Iran’s two supreme leaders have both been prolific on the subject of women’s rights and obligations in an Islamic state. But their interpretations often differed, sometimes significantly.
During his one decade in power, between 1979 and 1989, Ayatollah Ruhollah Khomeini issued far more statements and fatwas than his successor. He often framed them in terms of how an Islamic state empowered women. “Islam wants to safeguard women’s nobility. It wishes to make her a serious and efficient human being,” he said in December 1978, from exile shortly before the revolution.
Asked about the role of women in the Islamic government, the revolutionary leader said women would still be able to vote and run for office. “Women have taken part in the recent struggle in Iran to the same degree as the men,” he said on January 23, 1979, one week before returning to Tehran in Paris. “We will give women every kind of freedom, but we will prevent [moral] corruption and, where this is concerned, there is no difference between men and women.”
During his first three decades in power, beginning in 1989, Khamenei has made more distinctions between the rights of men and women, effectively diminishing the ideological interpretation about whether they are equal in all aspects of life. They have “important but different tasks,” he said in August 2002. “Since a woman’s spirit is more delicate, it needs more peace and tranquility. She needs comfort and a secure source to rely on. Who is this source of reliance? It is the husband. That is how God has placed them next to one another.”
Khamenei specifically rejected sexual and job equality. “One of the greatest mistakes of western thoughts about the issues of women is this sexual equality... Why should women be entrusted with carrying out male tasks? What kind of honor is to have women carry out male tasks? I am sorry that sometimes women and ladies themselves show sensitivity over this issue,” he said in April 2014.
The difference between Iran’s two supreme leaders reflects the disparate readings of Islamic tenets on many aspects of life in an Islamic state. Khomeini was comparatively more of a modernist, while Khamenei has been a strict traditionalist.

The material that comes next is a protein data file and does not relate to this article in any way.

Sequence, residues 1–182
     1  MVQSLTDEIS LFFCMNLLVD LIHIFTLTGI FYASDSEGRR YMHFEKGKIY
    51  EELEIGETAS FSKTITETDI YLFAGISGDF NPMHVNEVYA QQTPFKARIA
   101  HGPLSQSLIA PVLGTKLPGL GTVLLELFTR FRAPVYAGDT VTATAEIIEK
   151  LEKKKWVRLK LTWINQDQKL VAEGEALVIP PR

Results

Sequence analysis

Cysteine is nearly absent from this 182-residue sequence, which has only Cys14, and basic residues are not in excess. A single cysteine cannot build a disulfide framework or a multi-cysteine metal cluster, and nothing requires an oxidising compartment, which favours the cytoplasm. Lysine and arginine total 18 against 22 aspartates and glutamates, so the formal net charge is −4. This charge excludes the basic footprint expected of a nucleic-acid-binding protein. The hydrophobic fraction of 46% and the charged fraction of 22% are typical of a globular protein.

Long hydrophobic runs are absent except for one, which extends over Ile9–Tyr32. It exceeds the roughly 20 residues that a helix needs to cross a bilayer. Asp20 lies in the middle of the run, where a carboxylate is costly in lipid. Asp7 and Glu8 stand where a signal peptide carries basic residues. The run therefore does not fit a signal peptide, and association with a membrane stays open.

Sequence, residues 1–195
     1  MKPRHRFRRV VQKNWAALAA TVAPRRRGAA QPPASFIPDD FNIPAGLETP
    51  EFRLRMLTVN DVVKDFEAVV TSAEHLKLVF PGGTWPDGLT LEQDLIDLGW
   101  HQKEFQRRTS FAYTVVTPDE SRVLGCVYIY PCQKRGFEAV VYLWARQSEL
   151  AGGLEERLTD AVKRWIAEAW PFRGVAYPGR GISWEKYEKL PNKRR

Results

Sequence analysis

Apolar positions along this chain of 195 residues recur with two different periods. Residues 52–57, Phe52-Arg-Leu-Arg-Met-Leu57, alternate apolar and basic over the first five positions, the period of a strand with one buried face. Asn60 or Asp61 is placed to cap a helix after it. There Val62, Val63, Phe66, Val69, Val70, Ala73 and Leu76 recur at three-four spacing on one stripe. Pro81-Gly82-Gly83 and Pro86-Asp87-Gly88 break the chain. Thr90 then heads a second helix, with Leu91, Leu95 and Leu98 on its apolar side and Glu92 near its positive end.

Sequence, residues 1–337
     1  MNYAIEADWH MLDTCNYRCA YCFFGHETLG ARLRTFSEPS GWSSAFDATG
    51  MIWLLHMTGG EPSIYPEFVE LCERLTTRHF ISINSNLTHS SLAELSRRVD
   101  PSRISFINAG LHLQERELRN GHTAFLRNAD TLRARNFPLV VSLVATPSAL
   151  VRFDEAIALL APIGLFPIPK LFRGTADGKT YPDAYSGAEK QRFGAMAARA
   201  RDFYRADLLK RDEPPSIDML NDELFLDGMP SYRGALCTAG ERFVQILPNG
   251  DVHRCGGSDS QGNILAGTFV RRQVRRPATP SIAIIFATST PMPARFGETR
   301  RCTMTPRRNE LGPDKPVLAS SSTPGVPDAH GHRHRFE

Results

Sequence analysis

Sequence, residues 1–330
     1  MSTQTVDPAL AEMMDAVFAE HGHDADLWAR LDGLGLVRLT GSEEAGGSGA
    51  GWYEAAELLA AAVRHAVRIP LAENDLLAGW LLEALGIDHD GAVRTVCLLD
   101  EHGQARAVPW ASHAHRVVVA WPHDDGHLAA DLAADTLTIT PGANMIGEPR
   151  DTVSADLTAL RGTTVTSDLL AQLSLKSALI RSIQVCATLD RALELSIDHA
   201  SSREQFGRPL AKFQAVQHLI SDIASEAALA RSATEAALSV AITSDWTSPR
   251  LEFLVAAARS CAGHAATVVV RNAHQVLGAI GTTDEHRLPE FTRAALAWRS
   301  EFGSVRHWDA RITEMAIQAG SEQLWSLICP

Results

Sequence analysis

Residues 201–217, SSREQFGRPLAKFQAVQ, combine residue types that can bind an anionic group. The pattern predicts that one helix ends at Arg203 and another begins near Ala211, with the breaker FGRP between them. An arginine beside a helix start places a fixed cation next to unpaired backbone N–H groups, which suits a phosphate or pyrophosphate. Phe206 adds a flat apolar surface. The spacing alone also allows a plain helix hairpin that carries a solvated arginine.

The following are their statements and fatwas on an array of women’s issues.
More in this series:
- Part 1: Phases of the Women's Movement
- Part 2: Profiles of Women Politicians, Activists
- Part 3: Iranian Laws on Women
- Part 5: Statistics on Women in Iran
On Political Rights
Dec. 7, 1978: “Women are free in the Islamic society and will, under no condition, be barred from universities, offices or Parliament.”
Dec. 11, 1979: “Both women and men are free to attend university. Both are free to vote and stand as parliamentary representatives.”
May 11, 2013: "Take the case of a lady who has certain qualifications, who has developed her capabilities and who is suitable for a specific position. She can be allowed to hold this position because it is not illegal, but if we are proud of having such and such a number of female officials in charge of executive affairs, this is wrong. If we feel proud of having a large number of intellectual and educated women, this is good and it is alright. If we say that we have a large number of women who are active in cultural and political areas, this is alright. If we say that we have a large number of mujahid women in different areas, who are ready to be martyred, this is good. If we say that we have a large number of women who are active in political and revolutionary arenas and who write and deliver speeches, this is good. Being proud of these things is good, but being proud of having such and such a number of female ministers, MPs, deputies and managers in financial organizations, is wrong."
On Economic and Social Opportunity
June 5, 1989: "It makes me proud to see the ladies, young and old alike, playing a role in the education, economic and military arenas and should-to-shoulder with the men, ahead of the them even, actively involving themselves in the cause of exalting Islam and advancing the aims of the Most Noble Quran."
Sept. 18, 1996: “It is wrong to assume, we should prevent women from partaking in economic and social activities with reference to Islam. Islam has not prescribed such a thing. However, Islam has not recommended imposing hard works, tough businesses, social and political tasks on women, either. Islam has adopted a moderate viewpoint; that is to say, if women have the opportunity and the time, and if it does not prevent them from bringing up their children, if they are enthusiastic and eager and have the physical strength and energy and if they are willing to take part in social, political and economic activities, they should not be prevented. But if they are forced to take a job and work certain hours per day so that they can have a share in covering the household expenses, this is not what Islam has asked women. Islam considers this as a form of imposition on women.”
April 19, 2014: “There are some jobs which are not suitable for women's make-up. Therefore, women should not pursue such jobs. One of the tasks is that we should not impose on women those fields of study which lead to these jobs. Some people want to create uproar by saying that there is discrimination against women over the issue of universities, education and other such issues. Well, such discrimination is not bad in some areas… In such discrimination, you entrust different tasks to individuals. Therefore, we should see what fields of study are suitable for women by paying attention to the lofty goals that have been specified for them. We should prepare the ground for women to study such fields.”